The permission was announced by China’s General Administration of Quality Supervision, Inspection and Quarantine (AQSIQ), which allowed 22 firms to export rice and rice products from January 1, counting from the date of departure from the Vietnamese border.
Any businesses not listed by AQSIQ were banned from exporting to the Chinese market from January 1.
This decision has affected many Vietnamese firms which were not in the list but had already signed rice contracts before the date.
One such company is Can Thơ Food Company, which had signed a contract to export 18,000 tonnes of rice to China at the end of last year.
Nguyen Van Dung, the company’s deputy director, said the delivery would have been completed by early February, but following the new order, it was no longer permitted to export and hence was suffering huge losses.
“Our contract was cancelled and we have to compensate some VND300 billion for our partner. In addition, we have to bear further costs,” Dung told Vietnam Television.
Dung said rice was preserved in the store for quite a long time so the company had to re-process 10,000 tonnes of rice, which raised the cost by VND200-300 per kg.
“I hope the State and relevant sectors create conditions for my company to sell rice, helping us to overcome difficulties. If it is not solved soon, my company will go bankrupt,” Dung said.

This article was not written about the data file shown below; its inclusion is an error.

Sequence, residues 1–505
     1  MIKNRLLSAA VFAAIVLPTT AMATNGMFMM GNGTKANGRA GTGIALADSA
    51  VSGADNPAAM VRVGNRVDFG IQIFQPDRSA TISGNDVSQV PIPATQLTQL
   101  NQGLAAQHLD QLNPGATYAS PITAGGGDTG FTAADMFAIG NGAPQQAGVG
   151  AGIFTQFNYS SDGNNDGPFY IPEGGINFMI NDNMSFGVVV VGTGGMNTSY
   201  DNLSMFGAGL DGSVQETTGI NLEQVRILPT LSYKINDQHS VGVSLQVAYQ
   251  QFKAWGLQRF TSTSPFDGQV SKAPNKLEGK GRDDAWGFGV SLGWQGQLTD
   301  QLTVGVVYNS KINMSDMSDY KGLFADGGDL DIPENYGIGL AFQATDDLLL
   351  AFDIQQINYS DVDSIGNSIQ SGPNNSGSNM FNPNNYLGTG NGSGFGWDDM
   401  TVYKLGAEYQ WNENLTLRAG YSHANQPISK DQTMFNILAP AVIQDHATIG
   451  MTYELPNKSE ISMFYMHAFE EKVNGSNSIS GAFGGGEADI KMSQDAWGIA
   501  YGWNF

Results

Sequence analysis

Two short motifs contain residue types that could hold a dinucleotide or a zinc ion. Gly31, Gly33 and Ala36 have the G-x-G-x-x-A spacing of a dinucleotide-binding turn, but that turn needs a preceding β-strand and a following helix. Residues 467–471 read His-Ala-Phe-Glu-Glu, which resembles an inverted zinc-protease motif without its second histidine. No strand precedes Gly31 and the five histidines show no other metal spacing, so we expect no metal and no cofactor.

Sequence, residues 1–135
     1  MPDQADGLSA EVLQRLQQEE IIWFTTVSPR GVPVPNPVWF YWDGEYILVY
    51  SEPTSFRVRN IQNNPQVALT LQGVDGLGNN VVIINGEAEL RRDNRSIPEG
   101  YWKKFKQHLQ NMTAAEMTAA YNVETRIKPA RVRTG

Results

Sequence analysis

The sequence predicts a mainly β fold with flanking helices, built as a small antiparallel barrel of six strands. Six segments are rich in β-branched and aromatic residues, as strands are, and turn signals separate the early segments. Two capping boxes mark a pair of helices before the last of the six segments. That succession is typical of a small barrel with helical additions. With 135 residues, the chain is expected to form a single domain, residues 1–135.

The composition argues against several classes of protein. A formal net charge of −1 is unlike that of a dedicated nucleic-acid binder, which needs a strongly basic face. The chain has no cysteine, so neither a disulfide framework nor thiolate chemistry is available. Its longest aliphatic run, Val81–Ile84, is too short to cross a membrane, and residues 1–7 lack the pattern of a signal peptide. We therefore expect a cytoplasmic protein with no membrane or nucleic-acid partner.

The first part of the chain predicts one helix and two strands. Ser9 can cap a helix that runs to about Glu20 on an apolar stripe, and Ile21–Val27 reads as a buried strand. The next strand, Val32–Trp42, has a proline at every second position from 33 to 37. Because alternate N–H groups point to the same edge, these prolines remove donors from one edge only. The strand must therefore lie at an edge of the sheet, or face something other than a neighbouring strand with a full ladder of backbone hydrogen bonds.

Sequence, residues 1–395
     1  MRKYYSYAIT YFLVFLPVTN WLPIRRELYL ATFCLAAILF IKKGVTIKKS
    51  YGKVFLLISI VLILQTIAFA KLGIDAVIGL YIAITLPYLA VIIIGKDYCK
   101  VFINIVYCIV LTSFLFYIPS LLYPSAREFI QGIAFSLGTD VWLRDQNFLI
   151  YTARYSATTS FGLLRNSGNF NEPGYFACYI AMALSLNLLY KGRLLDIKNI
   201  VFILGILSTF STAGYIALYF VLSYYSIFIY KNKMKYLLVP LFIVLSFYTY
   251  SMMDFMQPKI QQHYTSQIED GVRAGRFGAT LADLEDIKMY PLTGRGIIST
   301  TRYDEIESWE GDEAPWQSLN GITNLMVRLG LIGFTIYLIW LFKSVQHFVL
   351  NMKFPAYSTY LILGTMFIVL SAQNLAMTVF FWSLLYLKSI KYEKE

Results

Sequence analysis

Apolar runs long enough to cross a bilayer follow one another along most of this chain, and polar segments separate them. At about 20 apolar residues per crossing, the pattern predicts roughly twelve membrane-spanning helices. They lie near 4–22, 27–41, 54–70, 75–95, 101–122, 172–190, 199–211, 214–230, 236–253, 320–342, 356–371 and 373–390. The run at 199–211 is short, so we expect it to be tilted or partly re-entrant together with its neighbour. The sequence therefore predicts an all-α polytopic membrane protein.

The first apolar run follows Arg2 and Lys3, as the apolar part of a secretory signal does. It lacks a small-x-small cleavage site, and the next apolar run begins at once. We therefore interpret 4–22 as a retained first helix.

Tran Thanh Nam, deputy minister of agriculture and rural development (MARD), said the ministry would soon contact China authorities, asking them to send an expert delegation to Vietnam to assess more businesses which could be eligible for exporting rice to China.
China’s permission to 22 Vietnamese rice exporters was given after a group of Chinese experts travelled to Vietnam to inspect 31 enterprises that had previously applied to the local ministry for export rights to China last year.
According to MARD, China tops the list of Vietnam’s rice export with 35.4 per cent of market share in the first three quarters of 2016.
Total rice export turnover to the Chinese market touched 1.35 million tonnes, amounting to US$613.4 million in 2016, down 23 per cent in terms of quantity and 13.9 per cent in terms of value in comparison with the same period in 2015.